Douglas Crockford, the originator of the JSON data format, proposes a standardized approach to solve this problem here. I like Crockford's approach, although I do not believe it will ever be implemented.


What you see below this textarea is completely the result of this single script tag:







The point of all this is that by using JSON, combined with the option of an on-demand-script tag (e.g., adding a script tag and its dynamic src property to the DOM programmatically) we get around the lousy cross-domain security restrictions of the XMLHTTP object in modern browsers. When the script tag is added to the DOM, the script is automatically executed in the client browser. You are welcome to stick the above script tag into a page of your own and experiment.

For those who are still "JSON-Challenged", JSON is built on two structures:

A collection of name/value pairs. In various languages, this is realized as an object, record, struct, dictionary, hash table, keyed list, or associative array.
An ordered list of values. In most languages, this is realized as an array, vector, list, or sequence.
These are universal data structures. Virtually all modern programming languages support them in one form or another. It makes sense that a data format that is interchangable with programming languages also be based on these structures.

In JSON, they take on these forms:

An object is an unordered set of name/value pairs. An object begins with { (left brace) and ends with } (right brace). Each name is followed by : (colon) and the name/value pairs are separated by , (comma).
An array is an ordered collection of values. An array begins with [ (left bracket) and ends with ] (right bracket). Values are separated by , (comma).
A value can be a string in double quotes, or a number, or true or false or null, or an object or an array. These structures can be nested.
A string is a collection of zero or more Unicode characters, wrapped in double quotes, using backslash escapes. A character is represented as a single character string.

Except for a few encoding details, the above entirely describes the notation. Unfortunately, people are already referring to JSON as a "language"; (including Crockford himself, on his site). It is not. JSON is a javascript - parseable data format for encoding objects. A programming language consists of the grammar used to construct a computer program; you cannot create a program with JSON, you can only describe objects that can be interpreted by Javascript, which is a programming language.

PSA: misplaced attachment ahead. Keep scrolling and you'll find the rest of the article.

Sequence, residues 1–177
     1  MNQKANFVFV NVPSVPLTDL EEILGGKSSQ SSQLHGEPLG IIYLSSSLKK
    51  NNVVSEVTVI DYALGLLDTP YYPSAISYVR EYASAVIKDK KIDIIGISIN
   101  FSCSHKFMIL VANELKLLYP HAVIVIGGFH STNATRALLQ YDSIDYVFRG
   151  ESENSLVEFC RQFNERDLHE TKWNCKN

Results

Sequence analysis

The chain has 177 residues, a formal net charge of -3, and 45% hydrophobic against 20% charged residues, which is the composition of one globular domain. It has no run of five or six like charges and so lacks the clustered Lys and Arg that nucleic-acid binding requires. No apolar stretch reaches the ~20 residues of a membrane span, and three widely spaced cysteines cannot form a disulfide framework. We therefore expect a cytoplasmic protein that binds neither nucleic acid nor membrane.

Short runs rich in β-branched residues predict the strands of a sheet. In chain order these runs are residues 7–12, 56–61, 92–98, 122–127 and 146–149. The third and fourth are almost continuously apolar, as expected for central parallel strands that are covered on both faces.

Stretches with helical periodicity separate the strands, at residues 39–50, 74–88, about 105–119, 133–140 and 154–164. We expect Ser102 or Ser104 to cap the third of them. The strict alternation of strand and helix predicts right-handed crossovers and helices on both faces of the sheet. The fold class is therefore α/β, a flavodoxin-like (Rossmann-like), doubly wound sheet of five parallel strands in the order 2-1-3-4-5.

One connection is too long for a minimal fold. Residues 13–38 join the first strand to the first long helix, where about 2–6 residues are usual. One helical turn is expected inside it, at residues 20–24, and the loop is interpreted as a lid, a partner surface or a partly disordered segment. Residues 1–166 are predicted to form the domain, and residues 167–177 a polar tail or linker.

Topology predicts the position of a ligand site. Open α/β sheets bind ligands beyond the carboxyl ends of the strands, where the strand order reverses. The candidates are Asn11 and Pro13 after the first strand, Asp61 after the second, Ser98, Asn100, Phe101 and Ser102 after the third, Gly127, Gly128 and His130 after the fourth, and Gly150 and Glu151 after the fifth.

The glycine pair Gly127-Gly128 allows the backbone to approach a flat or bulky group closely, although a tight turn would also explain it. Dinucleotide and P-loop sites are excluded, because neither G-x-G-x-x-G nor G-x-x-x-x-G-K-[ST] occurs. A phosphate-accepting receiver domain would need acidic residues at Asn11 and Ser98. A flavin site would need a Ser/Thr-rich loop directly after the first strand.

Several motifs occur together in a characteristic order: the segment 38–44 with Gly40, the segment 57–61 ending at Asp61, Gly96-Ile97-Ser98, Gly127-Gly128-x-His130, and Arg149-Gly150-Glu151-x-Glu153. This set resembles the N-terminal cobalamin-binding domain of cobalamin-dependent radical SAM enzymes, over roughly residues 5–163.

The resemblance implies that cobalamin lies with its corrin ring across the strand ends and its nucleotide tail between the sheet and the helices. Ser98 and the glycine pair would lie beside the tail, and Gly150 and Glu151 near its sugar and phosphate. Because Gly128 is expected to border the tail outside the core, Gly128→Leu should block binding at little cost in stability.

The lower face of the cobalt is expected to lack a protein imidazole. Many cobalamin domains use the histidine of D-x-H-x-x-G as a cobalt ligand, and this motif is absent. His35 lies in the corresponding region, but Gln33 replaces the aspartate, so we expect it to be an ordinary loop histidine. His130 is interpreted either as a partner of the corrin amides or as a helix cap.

Please understand that I sometimes use my UnBlog as a sandbox for my experiments. I got one comment on the last post complaining about this that and the other thing; it had nothing at all to do with the subject of my post. If it doesn't render correctly in "FireFart" or whatever browser you are using besides "Internet Exploder", try to get over it, OK?

I'll have more soon, including some nice ASP.NET generic source code for a sample "Serving" page, an HTML form that will convert your script creation into all the "document.writeln" statements to create your script src file including any DOM elements you want and a Javascript callback method, and simple instructions on how you can "roll your own". Probably, I'll post this as an article on eggheadcafe.com and when I do, I'll update this post with the link.

NOTE TO BLOG SPAMMERS

You people don't get it, do you? I don't know why you would bother going through all the CAPTCHA stuff to post your "Mortgage Rates Online" crap. It only takes me a second to delete them. Get a life, Scum!